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Homenormal subgroup lattice is modular

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# normal subgroup lattice is modular

The fact that the normal subgroups of a group $G$ form a lattice (call it $N(G)$) is proved here. The only remaining item is to show that $N(G)$ is modular. This means, for any normal subgroups $H,K,L$ of $G$ such that $L\subseteq K$,

$L\vee(H\wedge K)=(L\vee H)\wedge K,$ |

where the meet operation $A\wedge B$ denotes set intersection $A\cap B$, and the join operation $A\vee B$ denotes the subgroup generated by $A\cup B$.

###### Proof.

First, we show that $L\vee(H\wedge K)\subseteq(L\vee H)\wedge K$. It is easy to see that

1. $L\subseteq K\wedge(L\vee H)$: $L\subseteq K$ is assumed and $L\subseteq L\vee H$ follows from the definition of $\vee$, and

2. $H\wedge K\subseteq K\wedge(L\vee H)$: $H\wedge K\subseteq K$ follows from the definition of $\wedge$, and $H\wedge K\subseteq H\subseteq L\vee H$.

As a result, $L\vee(H\wedge K)\subseteq K\wedge(L\vee H)=(L\vee H)\wedge K$.

Before proving the other inclusion, we shall derive a small lemma concerning $L\vee H$ where $L,H$ are normal subgroups of $G$:

$L\vee H=\{\ell h\mid\ell\in L\mbox{ and }h\in H\}.$ |

###### Proof.

One direction is obvious, so we will just show $L\vee H\subseteq\{\ell h\mid\ell\in L\mbox{ and }h\in H\}$. Any element of $L\vee H$ can be expressed as a finite product of elements from $L$ or $H$. This finite product representation can be reduced so that no two adjacent elements belong to the same group. Next, $h\ell=(h\ell h^{{-1}})h$, where $h\ell h^{{-1}}\in L$ since $L$ is normal, showing that an $\ell$ on the right of the product can be “filtered” to the left of the product (of course, this “filtering” changes $\ell$ to another element of $L$, but it is the form of the product, not the elements in the product, that we are interested in). This implies that the finite product representation can further be reduced (by an induction argument) so it has the final form $\ell h$. ∎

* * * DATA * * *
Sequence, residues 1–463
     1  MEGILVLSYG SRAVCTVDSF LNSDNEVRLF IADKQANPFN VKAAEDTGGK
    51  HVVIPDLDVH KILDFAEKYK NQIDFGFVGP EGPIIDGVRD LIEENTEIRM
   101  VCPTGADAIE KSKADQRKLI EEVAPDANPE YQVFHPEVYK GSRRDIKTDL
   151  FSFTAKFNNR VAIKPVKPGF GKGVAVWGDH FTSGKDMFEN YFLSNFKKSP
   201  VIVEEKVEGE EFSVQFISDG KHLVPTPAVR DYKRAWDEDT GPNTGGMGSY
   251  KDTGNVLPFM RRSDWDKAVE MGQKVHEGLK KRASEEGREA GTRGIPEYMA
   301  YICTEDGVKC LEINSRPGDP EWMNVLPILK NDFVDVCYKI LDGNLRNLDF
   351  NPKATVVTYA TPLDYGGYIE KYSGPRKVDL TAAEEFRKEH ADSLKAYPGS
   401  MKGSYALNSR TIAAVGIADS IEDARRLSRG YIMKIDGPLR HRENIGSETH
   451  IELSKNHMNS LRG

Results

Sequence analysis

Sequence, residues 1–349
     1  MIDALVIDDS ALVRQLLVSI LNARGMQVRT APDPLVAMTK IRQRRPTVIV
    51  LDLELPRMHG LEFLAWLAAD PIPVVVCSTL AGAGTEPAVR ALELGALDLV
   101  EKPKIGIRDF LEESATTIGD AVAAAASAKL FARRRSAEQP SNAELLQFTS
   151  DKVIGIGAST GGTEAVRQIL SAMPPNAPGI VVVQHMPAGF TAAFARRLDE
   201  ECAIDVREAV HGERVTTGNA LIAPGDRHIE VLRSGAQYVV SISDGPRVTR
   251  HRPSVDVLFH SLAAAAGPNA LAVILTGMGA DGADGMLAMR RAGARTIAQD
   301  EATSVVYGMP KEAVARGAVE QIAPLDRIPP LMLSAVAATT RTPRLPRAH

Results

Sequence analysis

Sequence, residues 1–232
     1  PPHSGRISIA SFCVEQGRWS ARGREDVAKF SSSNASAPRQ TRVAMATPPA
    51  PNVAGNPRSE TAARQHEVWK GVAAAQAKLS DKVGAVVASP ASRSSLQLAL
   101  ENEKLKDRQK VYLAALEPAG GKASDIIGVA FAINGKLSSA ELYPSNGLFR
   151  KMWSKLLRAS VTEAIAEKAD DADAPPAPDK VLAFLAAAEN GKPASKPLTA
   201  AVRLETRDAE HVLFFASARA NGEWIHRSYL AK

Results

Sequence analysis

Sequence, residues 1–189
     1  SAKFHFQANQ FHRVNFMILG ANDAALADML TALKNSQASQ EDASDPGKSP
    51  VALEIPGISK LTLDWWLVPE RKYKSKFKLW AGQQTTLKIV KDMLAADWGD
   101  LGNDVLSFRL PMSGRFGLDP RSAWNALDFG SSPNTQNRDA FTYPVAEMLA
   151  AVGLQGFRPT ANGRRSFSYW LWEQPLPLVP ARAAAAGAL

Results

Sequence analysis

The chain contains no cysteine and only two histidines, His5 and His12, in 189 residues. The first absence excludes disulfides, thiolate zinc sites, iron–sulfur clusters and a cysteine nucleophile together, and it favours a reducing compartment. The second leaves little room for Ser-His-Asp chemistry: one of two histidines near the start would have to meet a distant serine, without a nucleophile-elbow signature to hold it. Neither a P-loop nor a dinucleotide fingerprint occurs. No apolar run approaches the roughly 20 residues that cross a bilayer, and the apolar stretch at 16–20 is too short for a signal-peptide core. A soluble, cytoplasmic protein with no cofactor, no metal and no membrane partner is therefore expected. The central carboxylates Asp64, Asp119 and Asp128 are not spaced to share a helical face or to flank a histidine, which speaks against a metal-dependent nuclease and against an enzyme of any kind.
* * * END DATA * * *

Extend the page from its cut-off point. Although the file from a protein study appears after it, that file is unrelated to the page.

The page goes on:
Now back to the main proof. Take any $g\in(L\vee H)\wedge K$. Then $g\in K$ and $g\in L\vee H$ and so $g=\ell h$ for some $\ell\in L$ and $h\in H$ by the lemma just shown. Since $g\in K$, this means $h=\ell^{{-1}}g\in LK\subseteq K$. So $h\in H\wedge K$. We have just expressed $g$ as a product of $\ell\in L$ and $h\in H\wedge K$, and so $g\in L\vee(H\wedge K)$. ∎

## Mathematics Subject Classification

06C05*no label found*20E25

*no label found*

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